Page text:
What is the impact of shame in the lives of individuals? A University of Coimbra (UC) study shows how the experiences of shame in childhood and adolescence affect mental health/well -being in adulthood. Trauma in childhood is more likely to lead to distress later in life.
Individuals whose experiences of shame in childhood and adolescence act as traumatic memories and become central to their identity and life history, are more likely to develop psychopathology (psychological distress and emotional states) in adulthood, the study reveals. It is "Memories of shame that shape who we are," conducted by the Faculty of Psychology and Educational Sciences of the University of Coimbra (FPCEUC) over the past five years.
The research, the first international study on the phenomenology of the experiences and memories of shame (their emotional, cognitive and behavioral components), explored episodes of shame experienced in childhood and adolescence and to what extent they have come to function as traumatic and autobiographical memories, conditioned in their identity, behavior and mental health in adulthood. The study was comprised of 3000 interviews with the general population and 120 patients with different diagnoses (depression, anxiety, eating, behavior and personality disorders, etc.).
Fundamental to regulate our social relations and the formation of our identity, shame is still a thrill overlooked, but this study shows how 'shame can be quite a painful experience, intensely and with a harmful impact on how people and their well-being develop. We found that the experience of shame experienced in childhood and adolescence operate as traumatic memories and influence the construction of social identity (e.g., They see themselves as inferior people, devalued, failed , etc. ) and this contributes to the onset of symptoms of psychopathology, such as depression, anxiety, stress, paranoid ideation and social anxiety in adulthood, " says Marcela Matos, who developed her PhD thesis within this project.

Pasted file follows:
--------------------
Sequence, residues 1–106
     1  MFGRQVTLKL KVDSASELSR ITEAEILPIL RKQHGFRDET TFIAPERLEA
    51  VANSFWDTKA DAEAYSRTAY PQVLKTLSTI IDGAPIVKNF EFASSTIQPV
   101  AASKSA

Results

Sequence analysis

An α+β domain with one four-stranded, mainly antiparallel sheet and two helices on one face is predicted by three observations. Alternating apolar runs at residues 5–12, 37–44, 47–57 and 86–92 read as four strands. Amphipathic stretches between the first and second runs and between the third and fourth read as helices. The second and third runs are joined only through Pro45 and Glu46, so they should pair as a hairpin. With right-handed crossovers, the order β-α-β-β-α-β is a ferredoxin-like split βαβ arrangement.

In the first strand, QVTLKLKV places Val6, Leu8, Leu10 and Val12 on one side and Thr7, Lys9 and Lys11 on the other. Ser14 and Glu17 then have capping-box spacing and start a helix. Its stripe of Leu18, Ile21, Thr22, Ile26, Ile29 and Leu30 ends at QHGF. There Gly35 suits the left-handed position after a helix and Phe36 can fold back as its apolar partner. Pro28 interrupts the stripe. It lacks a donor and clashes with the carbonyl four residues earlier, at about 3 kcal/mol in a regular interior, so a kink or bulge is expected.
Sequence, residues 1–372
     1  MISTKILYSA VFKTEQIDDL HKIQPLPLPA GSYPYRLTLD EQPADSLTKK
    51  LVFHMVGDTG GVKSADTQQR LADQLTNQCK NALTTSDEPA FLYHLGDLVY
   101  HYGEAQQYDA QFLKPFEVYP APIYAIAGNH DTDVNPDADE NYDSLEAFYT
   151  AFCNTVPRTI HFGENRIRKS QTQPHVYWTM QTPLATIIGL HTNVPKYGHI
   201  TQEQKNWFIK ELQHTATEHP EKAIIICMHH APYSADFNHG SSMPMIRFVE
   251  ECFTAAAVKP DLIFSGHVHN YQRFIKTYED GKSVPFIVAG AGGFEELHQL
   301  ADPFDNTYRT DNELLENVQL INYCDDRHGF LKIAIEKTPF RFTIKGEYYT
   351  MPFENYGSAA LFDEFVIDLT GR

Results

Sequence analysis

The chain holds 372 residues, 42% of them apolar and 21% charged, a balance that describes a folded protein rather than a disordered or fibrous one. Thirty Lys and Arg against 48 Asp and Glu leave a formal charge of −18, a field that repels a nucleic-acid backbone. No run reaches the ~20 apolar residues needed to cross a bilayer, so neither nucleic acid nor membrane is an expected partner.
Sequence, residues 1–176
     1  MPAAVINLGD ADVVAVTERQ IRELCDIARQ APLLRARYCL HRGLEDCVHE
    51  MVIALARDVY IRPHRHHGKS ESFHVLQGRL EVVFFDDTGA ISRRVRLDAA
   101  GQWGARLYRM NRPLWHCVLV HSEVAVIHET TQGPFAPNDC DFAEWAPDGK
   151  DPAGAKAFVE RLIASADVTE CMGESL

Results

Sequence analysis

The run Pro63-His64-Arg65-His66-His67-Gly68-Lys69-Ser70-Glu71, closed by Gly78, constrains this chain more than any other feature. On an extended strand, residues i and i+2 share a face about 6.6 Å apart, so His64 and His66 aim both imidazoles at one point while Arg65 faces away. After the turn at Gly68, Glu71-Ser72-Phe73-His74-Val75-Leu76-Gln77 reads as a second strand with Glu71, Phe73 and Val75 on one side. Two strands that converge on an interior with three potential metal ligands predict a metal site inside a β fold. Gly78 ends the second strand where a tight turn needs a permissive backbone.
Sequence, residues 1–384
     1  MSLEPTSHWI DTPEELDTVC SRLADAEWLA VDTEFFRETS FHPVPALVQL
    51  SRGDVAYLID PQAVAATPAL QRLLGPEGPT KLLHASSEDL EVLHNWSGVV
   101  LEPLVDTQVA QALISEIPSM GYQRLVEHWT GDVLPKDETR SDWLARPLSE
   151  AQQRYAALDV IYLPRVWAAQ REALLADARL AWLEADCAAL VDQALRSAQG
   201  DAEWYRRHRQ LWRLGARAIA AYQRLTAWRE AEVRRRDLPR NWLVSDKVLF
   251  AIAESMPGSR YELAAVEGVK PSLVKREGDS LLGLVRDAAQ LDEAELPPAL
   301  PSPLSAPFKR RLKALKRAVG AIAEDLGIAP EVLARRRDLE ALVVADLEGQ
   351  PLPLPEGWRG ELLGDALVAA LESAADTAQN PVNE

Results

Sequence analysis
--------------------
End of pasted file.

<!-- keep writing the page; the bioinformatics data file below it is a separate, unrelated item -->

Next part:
The findings of this study point to the need for clinical intervention not only in shame, but also the memories of shame. "Clinicians should be more attentive to this emotion and its role in the symptomatology of the patient. Shame is an emotion trans-diagnosis and if not detected and treated early can not only act as a barrier to therapy, but also be associated with various symptoms of psychopathology and lead to self-destruction. It should also focus on the adoption of preventive measures in childhood and adolescence, particularly among educational agents,' says the researcher of the Centre for Research and Intervention Center for the Study of Cognitive-Behavioral at UC .
In the study, funded by the Foundation for Science and Technology (FCT) and directed by professors José Gouveia Pinto, UC and Paul Gilbert, of the Mental Health Research Unit (UK), recognized as the world authority in the study of shame, the most traumatic memories reported by respondents were: experiences of physical abuse, sexual abuse, emotional neglect, criticism and devaluation, negative comments about the body, bullying and negative comparisons with others (e.g. siblings).
University of Coimbra
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